Column: Golf’s civil war likely to lead to no real winner

Golf is in the early days of a bitter showdown between the established PGA Tour and an upstart chain backed by the oppressive Saudi regime that hopes throwing billions will help people forget their horrific human rights record.

If history is any indication, Link is likely to have no real winner in this fight.

IndyCar is still struggling to pull off an ugly revolt from the 1990s. The growth of the NBA was undoubtedly stifled by a nearly decades-long challenge to the American Basketball Association. The NHL suffered several hard blows while defending the World Hockey Federation.

It’s hard to see how golf emerges from its civil war in a stronger position.

“I tossed and turned and lost a lot of sleep last week wondering what could have happened,” said Justin Thomas, who was stuck with the PGA Tour, but said Monday to be concerned about the future of the game. accepted.

“I want to play the PGA Tour my whole life, break records, make history, play the President’s Cup, play the Ryder Cup.” “The fact that things like this can potentially hurt as some people go, and if more go, that’s very sad. There’s really no other way to say it. It just makes me sad.” does.”

LIV Golf launched last week With the three-day tournament out of London, presenting itself as an exciting new alternative to the staid ol’ game – as long as everyone is willing to ignore the people who are writing huge checks.

For now, the PGA Tour seems to have the clear upper hand, with nearly all of the top players remaining, far greater exposure through its lucrative television deals, and a long history as the premier destination for any pro golfer.

The new tour has faced considerable disdain from those who see it as a second-rate outfit for Over-the-Hill and the players have never wanted to cash in on riches beyond their wildest dreams.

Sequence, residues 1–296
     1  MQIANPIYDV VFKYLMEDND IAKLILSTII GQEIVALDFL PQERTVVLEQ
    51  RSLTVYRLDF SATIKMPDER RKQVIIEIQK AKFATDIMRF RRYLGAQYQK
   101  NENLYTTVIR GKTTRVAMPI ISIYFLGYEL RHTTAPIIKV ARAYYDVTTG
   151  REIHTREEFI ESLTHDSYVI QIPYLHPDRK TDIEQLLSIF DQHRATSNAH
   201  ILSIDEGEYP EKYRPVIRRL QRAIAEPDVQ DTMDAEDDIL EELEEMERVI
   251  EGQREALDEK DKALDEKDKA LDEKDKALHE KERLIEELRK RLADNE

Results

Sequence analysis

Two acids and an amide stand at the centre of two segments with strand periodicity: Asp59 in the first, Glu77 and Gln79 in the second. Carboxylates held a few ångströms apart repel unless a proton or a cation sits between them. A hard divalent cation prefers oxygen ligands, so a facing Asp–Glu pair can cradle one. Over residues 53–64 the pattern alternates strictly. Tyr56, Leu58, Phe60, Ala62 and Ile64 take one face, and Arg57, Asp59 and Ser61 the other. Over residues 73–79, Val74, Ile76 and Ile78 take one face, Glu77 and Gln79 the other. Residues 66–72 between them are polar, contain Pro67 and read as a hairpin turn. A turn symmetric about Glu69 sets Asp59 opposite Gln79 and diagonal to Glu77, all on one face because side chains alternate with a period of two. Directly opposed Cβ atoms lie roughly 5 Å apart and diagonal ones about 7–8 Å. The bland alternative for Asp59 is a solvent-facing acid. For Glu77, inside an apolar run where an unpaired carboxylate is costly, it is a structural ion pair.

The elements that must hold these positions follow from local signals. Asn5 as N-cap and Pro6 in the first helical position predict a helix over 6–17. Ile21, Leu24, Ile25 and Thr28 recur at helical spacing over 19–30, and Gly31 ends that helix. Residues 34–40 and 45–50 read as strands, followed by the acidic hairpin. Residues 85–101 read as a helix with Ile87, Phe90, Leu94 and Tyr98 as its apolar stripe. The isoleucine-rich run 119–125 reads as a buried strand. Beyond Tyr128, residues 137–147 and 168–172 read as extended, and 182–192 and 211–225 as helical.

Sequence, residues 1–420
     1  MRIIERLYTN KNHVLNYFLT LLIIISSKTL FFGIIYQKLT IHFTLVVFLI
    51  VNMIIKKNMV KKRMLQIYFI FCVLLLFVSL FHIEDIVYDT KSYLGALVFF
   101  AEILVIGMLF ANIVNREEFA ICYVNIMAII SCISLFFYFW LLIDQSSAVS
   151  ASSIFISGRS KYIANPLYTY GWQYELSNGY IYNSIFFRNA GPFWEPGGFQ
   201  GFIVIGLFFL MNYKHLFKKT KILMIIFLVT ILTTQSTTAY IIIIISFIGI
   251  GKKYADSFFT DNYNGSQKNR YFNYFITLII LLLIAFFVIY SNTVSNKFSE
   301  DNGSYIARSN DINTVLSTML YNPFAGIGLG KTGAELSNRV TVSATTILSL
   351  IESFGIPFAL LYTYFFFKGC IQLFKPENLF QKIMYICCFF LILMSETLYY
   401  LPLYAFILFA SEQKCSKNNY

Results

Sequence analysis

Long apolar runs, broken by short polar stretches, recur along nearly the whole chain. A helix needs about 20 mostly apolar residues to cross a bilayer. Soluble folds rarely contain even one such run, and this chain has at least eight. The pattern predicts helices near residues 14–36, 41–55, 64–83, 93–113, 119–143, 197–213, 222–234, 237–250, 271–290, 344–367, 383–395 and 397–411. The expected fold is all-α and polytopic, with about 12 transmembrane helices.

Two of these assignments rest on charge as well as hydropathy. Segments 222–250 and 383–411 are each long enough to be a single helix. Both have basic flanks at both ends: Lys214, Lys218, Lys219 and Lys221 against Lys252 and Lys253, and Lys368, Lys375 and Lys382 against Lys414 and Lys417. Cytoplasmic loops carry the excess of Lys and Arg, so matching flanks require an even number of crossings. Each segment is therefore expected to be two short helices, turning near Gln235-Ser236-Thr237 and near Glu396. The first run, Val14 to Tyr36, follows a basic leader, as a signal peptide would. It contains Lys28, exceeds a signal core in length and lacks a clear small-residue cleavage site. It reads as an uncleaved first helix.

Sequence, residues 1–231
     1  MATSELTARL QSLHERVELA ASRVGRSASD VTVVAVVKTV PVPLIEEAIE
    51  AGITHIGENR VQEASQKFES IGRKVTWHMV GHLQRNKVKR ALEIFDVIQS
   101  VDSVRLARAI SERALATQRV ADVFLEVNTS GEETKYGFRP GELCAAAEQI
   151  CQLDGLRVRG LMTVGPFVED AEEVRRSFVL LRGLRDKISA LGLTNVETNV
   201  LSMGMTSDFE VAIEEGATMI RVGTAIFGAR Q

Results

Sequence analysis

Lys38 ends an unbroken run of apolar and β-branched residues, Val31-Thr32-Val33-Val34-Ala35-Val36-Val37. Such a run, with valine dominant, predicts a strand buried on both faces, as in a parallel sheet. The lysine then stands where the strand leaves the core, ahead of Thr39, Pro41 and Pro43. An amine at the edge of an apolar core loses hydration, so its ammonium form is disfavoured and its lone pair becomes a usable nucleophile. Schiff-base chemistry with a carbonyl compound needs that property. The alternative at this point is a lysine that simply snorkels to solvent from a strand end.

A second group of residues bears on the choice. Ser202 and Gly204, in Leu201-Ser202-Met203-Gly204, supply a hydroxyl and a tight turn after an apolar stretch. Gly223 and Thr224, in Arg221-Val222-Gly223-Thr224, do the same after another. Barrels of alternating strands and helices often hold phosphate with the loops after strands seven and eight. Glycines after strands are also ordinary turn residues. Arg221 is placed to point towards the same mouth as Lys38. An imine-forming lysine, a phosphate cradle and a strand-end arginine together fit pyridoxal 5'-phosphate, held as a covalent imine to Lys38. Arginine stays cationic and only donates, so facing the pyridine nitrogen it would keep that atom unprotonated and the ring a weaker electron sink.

After his win at a lucrative Canadian Open on Sunday, beating two of the world’s top-ranked players in Thomas and Tony Finau, Rory McIlroy took a lot of subtle jabs at LIV golf.

“I think it had all the ingredients,” McIlroy said. “It had a golf course. It had the cast of players that you’d like to be there. It had the caliber of golf. And it had the atmosphere. It had everything you needed to organize a truly top-class golf event this week.”

“It doesn’t get much better than that.”

Of course, McIlroy’s stellar appraisal of a PGA Tour event meant that LIV Golf’s inaugural, 54-hole tournament—with shotgun starts, no cuts, neon-colored scoreboards, a team competition, and a staggering $4.75 million in prize money—was a staggering $4.75 million. Winner – lacked all the elements that really mattered.

It certainly couldn’t be denied that Canada was much more dominant than England, where Charl Schwartzel (2011 Masters champion and number 125 in the world rankings) held on to a one-stroke victory. More than Henny du Plessis of South Africa (ranked 134th).

It was Schwartzel’s first win on any tour in more than six years.

While mocking the quality of its players, LIV Golf has made some surprising inroads into the PGA Tour’s talent base. Former world No. 1 Dustin Johnson stuns everyone by joining the Upstart Tour. Major winners Bryson DeChambeau and Patrick Reed, who plan to make their debut at LIV’s first U.S. event in Portland, Oregon, starting June 30, are also aboard.